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Sinfonietta Proceeds With Caution

February 19, 1996|CHRIS PASLES | TIMES STAFF WRITER

COSTA MESA — Founder Paul Freeman led his 45-member Chicago Sinfonietta on Saturday at the Orange County Performing Arts Center with watchful, paternal, even donnish care.

At one point, he even stepped off the podium to give closer direction to the violas during a particularly tricky rhythmic passage for them. The gesture spoke volumes about how far the 9-year-old orchestra has or has not come.

In music by Gershwin, Ginastera and Rossini, the group played with respectable ensemble and fidelity to the notes. But clearly it is not yet a major institution, much less one with a distinctive musical voice. It probably sounded best and most exciting in the driving rhythmic demands and lyrical lines of four excerpts from Ginastera's ballet "Estancia."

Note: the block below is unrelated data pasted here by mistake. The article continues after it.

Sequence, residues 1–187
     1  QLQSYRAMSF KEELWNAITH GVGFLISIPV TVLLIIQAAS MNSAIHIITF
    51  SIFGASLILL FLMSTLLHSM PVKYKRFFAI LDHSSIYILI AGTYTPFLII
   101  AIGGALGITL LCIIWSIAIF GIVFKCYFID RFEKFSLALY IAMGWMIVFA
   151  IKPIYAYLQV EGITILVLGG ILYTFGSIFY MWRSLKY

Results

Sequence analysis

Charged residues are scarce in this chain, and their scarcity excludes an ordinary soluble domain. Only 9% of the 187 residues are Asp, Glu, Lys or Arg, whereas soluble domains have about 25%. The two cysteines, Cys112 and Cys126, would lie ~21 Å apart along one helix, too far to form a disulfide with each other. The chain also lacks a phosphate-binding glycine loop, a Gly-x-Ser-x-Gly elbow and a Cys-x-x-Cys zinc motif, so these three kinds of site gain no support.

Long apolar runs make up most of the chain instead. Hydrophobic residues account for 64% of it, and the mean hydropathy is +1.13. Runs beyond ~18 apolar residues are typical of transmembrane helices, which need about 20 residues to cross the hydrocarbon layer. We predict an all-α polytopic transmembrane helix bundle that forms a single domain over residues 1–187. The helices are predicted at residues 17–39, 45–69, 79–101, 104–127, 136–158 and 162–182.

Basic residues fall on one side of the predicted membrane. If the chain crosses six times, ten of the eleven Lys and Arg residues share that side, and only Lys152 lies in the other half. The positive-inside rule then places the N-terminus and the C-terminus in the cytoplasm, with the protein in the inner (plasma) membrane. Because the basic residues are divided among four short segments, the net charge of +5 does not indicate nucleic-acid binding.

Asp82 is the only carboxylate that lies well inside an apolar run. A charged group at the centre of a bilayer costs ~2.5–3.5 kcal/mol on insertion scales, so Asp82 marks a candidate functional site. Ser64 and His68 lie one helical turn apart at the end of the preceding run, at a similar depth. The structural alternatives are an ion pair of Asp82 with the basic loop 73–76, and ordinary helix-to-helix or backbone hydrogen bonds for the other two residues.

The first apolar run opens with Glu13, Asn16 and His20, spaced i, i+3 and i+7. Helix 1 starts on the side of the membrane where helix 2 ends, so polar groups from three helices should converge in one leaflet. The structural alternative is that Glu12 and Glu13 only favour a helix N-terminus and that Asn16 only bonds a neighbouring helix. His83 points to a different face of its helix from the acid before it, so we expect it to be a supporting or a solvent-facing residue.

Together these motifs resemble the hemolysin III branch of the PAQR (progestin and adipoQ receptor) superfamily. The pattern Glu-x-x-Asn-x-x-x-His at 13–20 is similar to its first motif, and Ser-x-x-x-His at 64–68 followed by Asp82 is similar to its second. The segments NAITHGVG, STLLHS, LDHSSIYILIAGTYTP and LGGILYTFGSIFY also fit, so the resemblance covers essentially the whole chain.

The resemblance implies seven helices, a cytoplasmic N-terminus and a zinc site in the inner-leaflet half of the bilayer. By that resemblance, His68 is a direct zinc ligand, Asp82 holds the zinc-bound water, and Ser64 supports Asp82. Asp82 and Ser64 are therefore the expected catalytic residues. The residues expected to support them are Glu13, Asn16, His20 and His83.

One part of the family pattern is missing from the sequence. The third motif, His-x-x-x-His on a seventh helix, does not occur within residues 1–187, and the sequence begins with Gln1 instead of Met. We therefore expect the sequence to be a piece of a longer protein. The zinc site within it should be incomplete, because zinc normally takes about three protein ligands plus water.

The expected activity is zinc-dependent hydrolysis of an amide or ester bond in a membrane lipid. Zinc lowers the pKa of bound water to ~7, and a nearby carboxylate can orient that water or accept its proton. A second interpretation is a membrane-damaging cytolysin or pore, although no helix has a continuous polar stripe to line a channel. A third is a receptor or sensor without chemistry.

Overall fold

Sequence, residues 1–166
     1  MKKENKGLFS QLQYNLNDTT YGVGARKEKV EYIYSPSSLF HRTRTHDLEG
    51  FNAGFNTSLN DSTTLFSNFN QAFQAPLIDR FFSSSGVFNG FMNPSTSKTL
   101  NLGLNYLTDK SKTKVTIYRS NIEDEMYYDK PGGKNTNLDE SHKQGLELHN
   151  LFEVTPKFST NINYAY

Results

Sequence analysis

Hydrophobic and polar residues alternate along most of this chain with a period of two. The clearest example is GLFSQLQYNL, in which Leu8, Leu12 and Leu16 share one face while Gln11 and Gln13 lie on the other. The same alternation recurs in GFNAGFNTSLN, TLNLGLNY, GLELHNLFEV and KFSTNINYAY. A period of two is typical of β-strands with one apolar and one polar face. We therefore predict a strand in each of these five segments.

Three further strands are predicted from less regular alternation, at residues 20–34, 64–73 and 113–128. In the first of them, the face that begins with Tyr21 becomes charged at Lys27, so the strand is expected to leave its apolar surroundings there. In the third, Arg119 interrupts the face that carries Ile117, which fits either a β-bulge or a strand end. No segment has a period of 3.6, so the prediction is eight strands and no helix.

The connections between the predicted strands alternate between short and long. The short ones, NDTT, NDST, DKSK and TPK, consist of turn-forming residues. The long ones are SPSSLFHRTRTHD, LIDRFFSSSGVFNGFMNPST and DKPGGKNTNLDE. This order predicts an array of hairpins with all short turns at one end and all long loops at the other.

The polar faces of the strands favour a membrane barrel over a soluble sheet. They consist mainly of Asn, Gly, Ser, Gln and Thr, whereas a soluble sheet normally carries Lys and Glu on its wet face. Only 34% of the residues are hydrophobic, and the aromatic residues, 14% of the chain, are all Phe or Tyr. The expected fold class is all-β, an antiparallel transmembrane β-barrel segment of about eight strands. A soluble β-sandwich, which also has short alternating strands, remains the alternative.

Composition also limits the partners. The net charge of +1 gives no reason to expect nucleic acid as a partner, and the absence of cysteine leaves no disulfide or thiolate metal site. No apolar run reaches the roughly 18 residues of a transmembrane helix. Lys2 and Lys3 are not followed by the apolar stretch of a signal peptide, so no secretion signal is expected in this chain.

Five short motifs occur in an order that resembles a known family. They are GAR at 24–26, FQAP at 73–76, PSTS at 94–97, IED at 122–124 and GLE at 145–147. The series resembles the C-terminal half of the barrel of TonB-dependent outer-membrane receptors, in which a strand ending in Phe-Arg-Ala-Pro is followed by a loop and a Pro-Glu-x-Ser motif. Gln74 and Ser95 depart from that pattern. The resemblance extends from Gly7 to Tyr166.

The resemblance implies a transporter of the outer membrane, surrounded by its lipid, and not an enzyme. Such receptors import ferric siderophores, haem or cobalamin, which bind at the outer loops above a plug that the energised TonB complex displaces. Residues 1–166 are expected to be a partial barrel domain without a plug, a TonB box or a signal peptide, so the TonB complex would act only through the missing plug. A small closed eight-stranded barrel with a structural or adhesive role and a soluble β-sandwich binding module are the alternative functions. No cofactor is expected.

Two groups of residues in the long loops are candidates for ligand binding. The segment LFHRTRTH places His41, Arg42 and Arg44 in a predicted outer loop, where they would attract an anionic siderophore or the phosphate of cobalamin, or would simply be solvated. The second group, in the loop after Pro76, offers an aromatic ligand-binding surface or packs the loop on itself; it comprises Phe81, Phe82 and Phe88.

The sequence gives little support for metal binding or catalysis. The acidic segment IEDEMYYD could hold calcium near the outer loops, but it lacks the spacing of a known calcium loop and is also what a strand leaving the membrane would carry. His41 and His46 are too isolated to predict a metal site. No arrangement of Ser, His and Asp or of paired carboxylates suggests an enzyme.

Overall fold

Freeman served essentially as a time-beater. He shaped few lines, varied dynamics hardly at all and revealed few ideas about the music.

One of the few, perhaps, was his attempt to make a case for a Chicago-style jazz approach to Gershwin's "An American in Paris"--if "Chicago style" means cool and clean, which is how he led the work, as opposed to hot and snappy, which seems to suit it better. But overall it was too careful and dull.

Fortunately, pianist Leon Bates proved an intriguing and stylish soloist in Gershwin's Concerto in F. He was subtle and poetic. He was powerful. He found the composer's honky-tonk playfulness and even his sense of improvising his way from one big tune to the next.

Freeman accompanied cautiously.

The conductor prefaced the program with the National Anthem, during which, atypically, even the cellos rose to play.

He opened the program with a hefty account of the Overture to Rossini's "Il Barbiere di Siviglia." In response to applause, he led one of Dvorak's Slavonic Dances as an encore.

The program was sponsored by the Philharmonic Society of Orange County.

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